White House Easter Eggs available for Adoption:
1981 Blue Rock Hudson
1981 Pink Jessica Tandy
1981 Yellow Billy Joel (Adopted)
1981 Pink Dolly Parton
1981 Yellow Henry Mancini
1982 Baby Blue inscribed: The White House
1989 Fuchsia G.W. and Barbara Bush
1990 Lavender G.W. and Barbara Bush
1998 Natural wood Bill and Hillary Rodham Clinton (Adopted)
1999 Green Bill and Hillary Rodham Clinton
1999 Maroon Bill and Hillary Rodham Clinton
2001 Peach George and Laura Bush
2004 Marbled Lavender George and Laura Bush
2002 Pink George and Laura Bush
2008 Orange Bush Family Pets (Adopted)
2009 Neon Red Barack and Michelle Obama
2009 Orange Barack and Michelle Obama
2014 Purple Bo and Sunny Paw Prints (Adopted)
2014 Green Bo and Sunny Paw Prints
1995 Royal Blue Drawing of the White House
1999 Yellow Drawing White House
2001 Blue U.S. Secret Service
2003 Green Swirl Drawing of the White House
2004 Blue Swirl Drawing of the White House
2004 Ruby Presidential Helicopter Squadron HMX-1
2005 Metallic Black Drawing of the White House
2005 Translucent Presidential Seal
2009 Royal Blue White House Communications Agency
2009 Blue Presidential Seal
2009 Peach Drawing White House
2010 Egg Plant Camp David
2011 Translucent Presidential Seal
2011 Metallic Green Drawing White House
2011 Marbled Red Drawing White House
2012 Gold Central Intelligence Agency
2013 Pink Air Force One
The White House Easter Egg Collection
Available for adoptions are annual, colorful wooden and glass eggs from the Delaware County Historical Society’s White House Easter Egg collection. The collection was given to the Society in honor of President and Mrs. Rutherford Hayes. President Hayes was born in Delaware and initiated the first White House Easter event for children in 1878. The Society’s display of White House Easter Eggs is believed to be the largest publicly displayed collection.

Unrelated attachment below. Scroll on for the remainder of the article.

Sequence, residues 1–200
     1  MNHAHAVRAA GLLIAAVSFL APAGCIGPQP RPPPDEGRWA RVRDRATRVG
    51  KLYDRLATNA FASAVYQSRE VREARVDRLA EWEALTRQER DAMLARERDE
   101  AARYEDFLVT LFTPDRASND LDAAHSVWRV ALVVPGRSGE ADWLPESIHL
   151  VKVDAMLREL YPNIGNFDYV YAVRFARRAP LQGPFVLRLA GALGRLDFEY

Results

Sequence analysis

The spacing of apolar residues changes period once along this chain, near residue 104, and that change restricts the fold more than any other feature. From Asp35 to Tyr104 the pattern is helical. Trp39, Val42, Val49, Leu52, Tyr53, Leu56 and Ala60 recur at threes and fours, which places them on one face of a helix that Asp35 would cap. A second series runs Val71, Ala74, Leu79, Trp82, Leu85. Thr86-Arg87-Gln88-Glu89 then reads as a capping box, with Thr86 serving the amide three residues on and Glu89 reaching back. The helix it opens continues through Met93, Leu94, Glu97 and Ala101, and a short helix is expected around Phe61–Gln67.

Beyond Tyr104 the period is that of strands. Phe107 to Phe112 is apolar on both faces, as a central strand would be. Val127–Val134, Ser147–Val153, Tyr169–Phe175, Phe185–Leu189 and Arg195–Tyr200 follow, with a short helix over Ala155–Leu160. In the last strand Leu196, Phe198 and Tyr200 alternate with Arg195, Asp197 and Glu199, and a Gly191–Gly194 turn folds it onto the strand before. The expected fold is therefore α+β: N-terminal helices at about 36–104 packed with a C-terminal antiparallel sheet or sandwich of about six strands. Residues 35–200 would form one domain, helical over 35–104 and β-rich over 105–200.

Available are wooden eggs dating from 1981 to 2014. They come is a wide variety of colors. Most wooden eggs are signed by a President and First Lady.
However a few are signed by celebrity White House Guests, for example Dolly Parton and Billy Joel.
While a very limited number of eggs include other residents of the White House, namely Bush and Obama First Family pets.
The gorgeous glass eggs (created as VIP gifts) carry an image of the White House. They come in a variety of colors and date from 1996 to 2014.
Alternatively, the Commemorative glass eggs recognize various Agencies or Service Units. They range from 2001 to 2014.
History of Wooden Eggs
The practice of using real eggs for the White House Easter Egg Roll ended when Pat Nixon had an Easter egg hunt that resulted in undiscovered eggs that later rotted. In the Ford administration they switched to plastic eggs. Betty Ford and Rosalynn Carter wrote notes to the participants and put them inside the plastic eggs as keepsakes.
Souvenir wooden White House Easter eggs first became an annual keepsake in 1981, when President and Mrs. Ronald Reagan hosted a hunt for wooden eggs that bore the signatures of famous people.
Wooden eggs have been the norm since then.
Now, all of the attendees under the age of 12 get a free souvenir egg on their way out.
The White House Easter Egg Roll has grown over time and, until it was canceled recently by Covid-19, was covered by a lottery with 35,000 tickets distributed. Winners are assigned to one of five groups that get access to the White House Lawn for two hours with a variety of celebrities present and activities offered to the participants.
If you would like a year or possibly a color not offered at this moment, plea,se contact the Society at email@example.com and we will see if such an egg available.
For your Adoption, you will receive:
- a thank you letter from the Society,
- you or, if this is a gift, the recipient will receive a Certificate of Adoption, which includes a picture of your White House Easter egg, and
- an Information Sheet about the history of the annual Easter Egg Roll. It also describes how the festivities and composition of the eggs have changed over time.
Your egg will remain with the Delaware County Historical Society under the expert care of our curators. Adoptions are exclusive and made on a first-requested basis for a 12-month period.
We hope you will adopt an egg and then come and see it at the Delaware County Historical Society, where the entire collection of these beautiful eggs is being preserved.